SEOUL (Reuters) - South Korea accused North Korea on Tuesday of mounting cyber attacks on the websites of its presidential office and other government agencies, saying it had identified signature malicious computer codes and an internet address.
The cyber attacks took place last month, on the anniversary of the beginning of the 1950-53 Korean War which left the peninsula divided between the rival countries.
North Korea has been suspected of masterminding previous cyber attacks on South Korea, including one in March that paralyzed tens of thousands of computers and servers at major broadcasters and banks.
North Korea has repeatedly denied responsibility for such attacks saying it has also been a victim of hacking.
South Korean officials said they had detected North Korean involvement in the latest cyber assault that shut down several sites including those of the presidential office and the conservative ruling party.
“An IP address within North Korea’s bandwidth was found,” Chun Kilsoo, an official at the state-run Korea Internet and Security Agency, told a briefing, referring to a computer’s internet protocol address.
The malicious computer codes and technique of the attack were similar to those detected in previous hacking attacks traced to the North, officials added.
The accusation comes as the two Koreas wrangle over the reopening of a joint factory park just inside North Korea that North Korea closed during a period of tension that began when it conducted its third nuclear test in February.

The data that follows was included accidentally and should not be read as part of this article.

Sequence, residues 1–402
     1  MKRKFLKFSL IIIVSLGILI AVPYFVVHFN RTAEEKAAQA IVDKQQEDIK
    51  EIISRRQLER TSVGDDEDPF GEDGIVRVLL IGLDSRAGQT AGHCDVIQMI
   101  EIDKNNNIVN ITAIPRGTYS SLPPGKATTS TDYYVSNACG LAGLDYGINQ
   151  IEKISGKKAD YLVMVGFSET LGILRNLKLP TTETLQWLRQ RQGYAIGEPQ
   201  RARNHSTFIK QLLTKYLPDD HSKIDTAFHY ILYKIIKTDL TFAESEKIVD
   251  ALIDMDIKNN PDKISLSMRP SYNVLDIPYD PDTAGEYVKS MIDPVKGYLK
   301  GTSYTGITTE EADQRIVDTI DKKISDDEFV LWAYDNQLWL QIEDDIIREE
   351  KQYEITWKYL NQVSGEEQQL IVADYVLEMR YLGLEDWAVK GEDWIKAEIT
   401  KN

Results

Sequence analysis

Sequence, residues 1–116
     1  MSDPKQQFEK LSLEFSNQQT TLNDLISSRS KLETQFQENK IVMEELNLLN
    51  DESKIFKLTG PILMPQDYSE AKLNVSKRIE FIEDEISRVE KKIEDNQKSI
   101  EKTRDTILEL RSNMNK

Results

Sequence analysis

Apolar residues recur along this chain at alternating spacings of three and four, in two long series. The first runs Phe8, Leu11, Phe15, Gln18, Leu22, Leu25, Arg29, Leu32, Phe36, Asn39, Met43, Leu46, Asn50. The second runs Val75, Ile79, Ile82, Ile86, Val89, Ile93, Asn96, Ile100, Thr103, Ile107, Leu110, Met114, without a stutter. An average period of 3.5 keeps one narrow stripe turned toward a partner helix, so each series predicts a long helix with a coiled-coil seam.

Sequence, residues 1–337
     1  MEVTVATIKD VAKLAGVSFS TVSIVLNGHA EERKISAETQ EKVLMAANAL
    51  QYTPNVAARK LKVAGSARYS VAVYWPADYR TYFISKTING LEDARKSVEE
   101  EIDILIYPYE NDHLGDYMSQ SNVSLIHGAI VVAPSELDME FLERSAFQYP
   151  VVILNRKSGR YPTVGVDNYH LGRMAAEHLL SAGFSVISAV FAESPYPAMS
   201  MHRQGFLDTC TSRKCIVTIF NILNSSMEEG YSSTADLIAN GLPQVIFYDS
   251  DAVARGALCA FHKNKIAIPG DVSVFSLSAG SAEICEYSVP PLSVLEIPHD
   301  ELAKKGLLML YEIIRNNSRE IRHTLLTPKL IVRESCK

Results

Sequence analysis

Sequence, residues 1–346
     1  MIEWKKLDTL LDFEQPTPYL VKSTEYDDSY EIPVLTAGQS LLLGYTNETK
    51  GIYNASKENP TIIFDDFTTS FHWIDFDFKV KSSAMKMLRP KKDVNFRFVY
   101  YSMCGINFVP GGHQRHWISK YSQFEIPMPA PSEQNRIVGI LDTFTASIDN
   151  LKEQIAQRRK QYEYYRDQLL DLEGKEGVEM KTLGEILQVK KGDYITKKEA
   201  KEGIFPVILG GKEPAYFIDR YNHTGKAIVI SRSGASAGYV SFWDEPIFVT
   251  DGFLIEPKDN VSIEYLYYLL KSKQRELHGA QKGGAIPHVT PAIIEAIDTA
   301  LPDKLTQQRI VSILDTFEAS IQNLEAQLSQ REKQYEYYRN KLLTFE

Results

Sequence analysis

They failed to reach agreement on Monday on the reopening of the complex.
South Korea has not confirmed findings by U.S. online security company McAfee that a group of hackers was behind a string of cyber attacks on South Korea dating back to 2009 aimed at spying on its military.
South Korea’s defense minister said at a recent conference that North Korea had about 3,000 highly trained cyber warfare personnel, according to media reports.
In March, the North suggested the United States was behind cyber attacks on its internet servers after reports of disruptions to its main news services.
A hacker collective known as Anonymous said it had attacked North Korean websites on the anniversary of the Korean War.
The group denied through Twitter posts any involvement in attacks on South Korea.
Reporting by Ju-min Park; Editing by Robert Birsel